Zazie Beetz Says Goodbye To Atlanta And Shares Her Broadway Dreams

This story about Zazie Beetz and “Atlanta” first appeared in the comedy series theme from TheWrap Awards Magazine.

Over four seasons of “Atlanta,” Zazie Beetz has played some brilliantly weird situations as Van. (See, among others, his mysterious double life in Paris in season 3.) But in the final season of the groundbreaking FX series created by Donald Glover, Beetz did some of her best work yet, particularly on the acid “Work Ethic!” episode satirizing a Tyler Perry-esque study in which Beetz chases after his daughter (Austin Elle Fisher) after she swallows her, almost Willy Wonka-esque, on the dozens upon dozens of soundstages dominated by one Mr. Chocolate (Glover, almost unrecognizable).

“Work ethic!” it’s an incredible half hour of television. Did it read more comical or more surreal when you first encountered it?
I remember reading it more as a critique of the creative industry, but the mother-daughter relationship caught my attention the most. I was quite taken with the comedy about Mr. Chocolate and the commentary about black art. But the importance of Van’s instincts as a mother and her growth within it and her relationship with her daughter became central to everything. “Atlanta” does well to be surreal and absurd, but always rooted in the heart and soul.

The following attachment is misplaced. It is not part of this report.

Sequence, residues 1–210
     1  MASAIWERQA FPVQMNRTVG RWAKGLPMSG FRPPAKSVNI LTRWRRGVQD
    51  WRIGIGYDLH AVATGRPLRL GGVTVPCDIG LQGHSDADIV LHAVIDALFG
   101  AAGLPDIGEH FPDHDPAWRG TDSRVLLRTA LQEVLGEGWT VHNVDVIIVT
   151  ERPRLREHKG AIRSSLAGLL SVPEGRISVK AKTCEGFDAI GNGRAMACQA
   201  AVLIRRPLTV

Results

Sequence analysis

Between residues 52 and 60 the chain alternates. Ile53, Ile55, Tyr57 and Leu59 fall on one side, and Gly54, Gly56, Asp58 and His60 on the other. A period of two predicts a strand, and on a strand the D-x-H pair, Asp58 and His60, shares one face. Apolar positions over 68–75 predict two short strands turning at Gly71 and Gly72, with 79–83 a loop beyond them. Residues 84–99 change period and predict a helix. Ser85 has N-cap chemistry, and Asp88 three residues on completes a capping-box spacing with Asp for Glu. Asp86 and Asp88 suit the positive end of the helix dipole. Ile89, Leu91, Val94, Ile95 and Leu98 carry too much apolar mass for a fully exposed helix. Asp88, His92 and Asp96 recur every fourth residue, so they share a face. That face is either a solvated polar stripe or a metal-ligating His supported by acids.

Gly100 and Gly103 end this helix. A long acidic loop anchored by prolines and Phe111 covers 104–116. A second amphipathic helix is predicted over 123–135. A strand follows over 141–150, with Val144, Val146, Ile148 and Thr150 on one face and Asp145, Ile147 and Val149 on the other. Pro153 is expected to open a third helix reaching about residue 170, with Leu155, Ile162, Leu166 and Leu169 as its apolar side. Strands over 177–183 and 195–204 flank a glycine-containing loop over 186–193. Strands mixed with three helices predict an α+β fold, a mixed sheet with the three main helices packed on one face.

I think it solidified Van as an all-time great TV mom.
It’s interesting, because in Season 3, particularly after the Paris episode, my Instagram comments would be like, “How could you leave your daughter?” And I’m like, “Guys, I’m not Van!” [Laughs] But I also found it interesting that people didn’t understand what she was going through or that this happens to people. Parents continue to search for their own identities and sometimes need space to do so.

Zazie Beetz (Photographed by Catie Laffoon for TheWrap)

You seem able to slip into any genre and fit perfectly into their universe. Is that by design or just luck?
I think it’s a combination of trying to find longevity and being moldable. I keep thinking: What can I do now that could also translate to me being an 80-year-old actor? But I always need to remember that I came into this industry because I had fun acting and I don’t want to lose that fun. Alexander Skarsgård does it very well. He does intense and serious stuff, but he also has the ability to be super playful. He told Donald when he did the Paris episode, “I’ll only do the part if I wear leopard print underwear,” or something like that. and now he is [just done] great job on “Succession”.

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It also seems to be a favorite of its directors. Steven Soderbergh, David Leitch and Todd Phillips have worked with you several times.
I am grateful that people enjoy working with me. Quinta Brunson recently said that networking is just about building a community and genuinely making friends. I love working with people again. It’s nice to have a layer of confidence and comfort that you can already build on and take more risks and have more fun because you’re not as scared.

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